Bond said she opposes term limits.
She said they would have the effect of propelling more wealthy people into politics and “giving the lobbyists the edge” in Washington, as only they would have the long experience of how to get things done.
Poliquin has sought throughout the campaign to draw attention to what he sees as lax security along US borders under the Biden administration.
He said during the debate that Democrats “invited everyone to America” and basically opened the borders to immigrants and “a flood of fentanyl.”
“That’s not a problem,” Golden replied, insisting he voted for more than twice as much money to bolster border security in his four years in the House as Poliquin did. never did in his four years in Washington.
Bond said immigration issues had suffered from “massive legislative neglect” for years. She said the nation needs to put in place a fair and just system that helps the so-called Dreamers, who came to the country as children and never knew any other country.
Poliquin said aid to the Dreamers must wait until the country secures its borders.
Poliquin said the solution to soaring prices, a global phenomenon, is to “stop this crazy, wasteful spending of billions of dollars.”
He said his four decades of experience in the “real world” of business would help cut expenses that he says are driving up costs, especially for energy.
“Some people on stage just don’t have any real-world experience,” he said.
Golden, who served in the U.S. Marines in Iraq and Afghanistan, said the recently passed Cut Inflation Act will make a difference in helping America’s energy independence by encouraging more drilling and infrastructure while investing in new technologies that will help the nation transition to a greener economy. coming.
Bond said Congress should consider grants and loans to encourage efforts to improve the resilience of the economy, suggesting as an example that the soon-to-close paper mill in Jay could perhaps become a site to manufacture insulin or house vertical farming.
Each of the three candidates has said they will accept the results of this year’s ranking vote.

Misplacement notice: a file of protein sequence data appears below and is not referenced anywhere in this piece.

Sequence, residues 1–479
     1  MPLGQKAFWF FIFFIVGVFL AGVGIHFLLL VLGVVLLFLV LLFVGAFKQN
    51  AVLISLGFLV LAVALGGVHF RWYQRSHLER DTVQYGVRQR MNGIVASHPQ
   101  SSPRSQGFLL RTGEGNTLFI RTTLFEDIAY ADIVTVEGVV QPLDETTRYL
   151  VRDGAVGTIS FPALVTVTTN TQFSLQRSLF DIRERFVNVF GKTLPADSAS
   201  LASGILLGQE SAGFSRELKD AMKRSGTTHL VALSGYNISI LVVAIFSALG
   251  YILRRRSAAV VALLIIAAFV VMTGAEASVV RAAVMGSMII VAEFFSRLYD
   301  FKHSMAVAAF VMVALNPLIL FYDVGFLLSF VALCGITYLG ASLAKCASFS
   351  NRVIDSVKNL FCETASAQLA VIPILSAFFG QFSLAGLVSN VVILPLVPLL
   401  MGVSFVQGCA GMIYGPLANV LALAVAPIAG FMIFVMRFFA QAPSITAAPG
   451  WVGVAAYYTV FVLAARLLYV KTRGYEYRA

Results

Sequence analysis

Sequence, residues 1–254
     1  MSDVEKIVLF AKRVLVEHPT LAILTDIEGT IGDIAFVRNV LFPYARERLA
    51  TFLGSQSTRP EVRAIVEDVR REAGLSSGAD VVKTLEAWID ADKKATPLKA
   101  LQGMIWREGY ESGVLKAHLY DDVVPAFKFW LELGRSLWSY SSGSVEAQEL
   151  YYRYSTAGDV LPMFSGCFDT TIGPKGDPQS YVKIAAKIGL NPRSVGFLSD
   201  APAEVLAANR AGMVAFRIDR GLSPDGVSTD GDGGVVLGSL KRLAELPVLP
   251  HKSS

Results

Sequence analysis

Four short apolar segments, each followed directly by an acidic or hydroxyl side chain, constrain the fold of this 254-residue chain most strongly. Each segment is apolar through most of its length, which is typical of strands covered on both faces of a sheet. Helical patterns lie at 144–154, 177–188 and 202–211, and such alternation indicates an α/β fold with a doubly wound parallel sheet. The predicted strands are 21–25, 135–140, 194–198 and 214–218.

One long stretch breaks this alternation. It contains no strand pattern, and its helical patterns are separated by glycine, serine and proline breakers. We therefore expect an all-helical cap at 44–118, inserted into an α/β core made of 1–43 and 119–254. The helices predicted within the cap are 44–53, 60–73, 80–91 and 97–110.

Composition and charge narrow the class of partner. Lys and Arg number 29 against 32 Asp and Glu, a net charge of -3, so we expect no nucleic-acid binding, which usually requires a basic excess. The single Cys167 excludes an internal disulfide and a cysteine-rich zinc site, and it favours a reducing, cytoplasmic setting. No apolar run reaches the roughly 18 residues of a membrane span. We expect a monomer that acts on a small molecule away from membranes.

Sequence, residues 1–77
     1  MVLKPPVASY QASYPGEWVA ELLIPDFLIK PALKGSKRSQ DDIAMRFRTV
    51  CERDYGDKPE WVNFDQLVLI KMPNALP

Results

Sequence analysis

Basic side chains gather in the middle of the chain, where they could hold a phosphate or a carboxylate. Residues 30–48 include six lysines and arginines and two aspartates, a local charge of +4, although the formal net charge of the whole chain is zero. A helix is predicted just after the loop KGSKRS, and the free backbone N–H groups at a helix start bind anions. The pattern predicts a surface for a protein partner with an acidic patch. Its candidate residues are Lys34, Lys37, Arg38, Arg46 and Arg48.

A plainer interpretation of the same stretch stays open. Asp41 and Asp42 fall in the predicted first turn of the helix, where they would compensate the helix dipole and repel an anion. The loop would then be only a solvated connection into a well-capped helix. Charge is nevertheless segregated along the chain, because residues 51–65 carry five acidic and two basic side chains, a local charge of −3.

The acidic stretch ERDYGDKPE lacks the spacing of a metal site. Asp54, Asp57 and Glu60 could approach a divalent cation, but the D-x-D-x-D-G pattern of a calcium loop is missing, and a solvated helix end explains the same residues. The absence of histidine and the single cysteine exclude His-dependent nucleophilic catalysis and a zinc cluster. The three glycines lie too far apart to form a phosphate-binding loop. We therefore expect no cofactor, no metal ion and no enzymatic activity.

Golden and Bond said they accepted the results of the 2020 presidential election, but Poliquin said, “There were irregularities.”
He said, however, he trusted the results in Maine.
Each of the candidates said that the fight against climate change is important.
Bond and Golden said the recent decision to add up to 87,000 Internal Revenue Service employees over the next decade is necessary to address a large backlog and respond more quickly to taxpayers.
Poliquin, however, opposed hiring IRS staff until the IRS did a better job.
“I don’t believe in rewarding incompetence,” Poliquin said.
Golden and Poliquin said they were against Biden’s decision to write off hundreds of millions of dollars in student loan debt. Golden called it a “terrible mistake”.
Bond said she would like to see the nation eliminate interest charges on everyone’s loans.
Bond and Golden said they would like to see Congress pass legislation to protect marriage equality in case the Supreme Court undermines rulings allowing same-sex marriage and interracial marriages. Poliquin said it’s best to wait and see what the court does.
Public polls have been largely non-existent in the race, but election watchers generally believe the race is going to be close.
The Cook Political Report rates it as a draw, an assessment shared by University of Virginia’s crystal ball Larry Sabato.
FiveThirtyEight sees him leaning slightly to Golden’s side. This gives him a 63% chance of being re-elected.
Fox News sees the district leaning toward Poliquin while The Economist sees it as a likely GOP victory. This gives Poliquin an 89% chance of victory.
HOW TO VOTE
Mainers have the constitutional right to vote.
Mail-in ballots will be available for this year’s election around October 11. They can be requested by mail.
Once the ballots are available, people will also be able to vote, without excuses, in town halls until Thursday, November 3.
On Election Day, any resident of Maine can vote. There is no requirement for people to register in advance.
Mills expands its fundraising advantage on LePage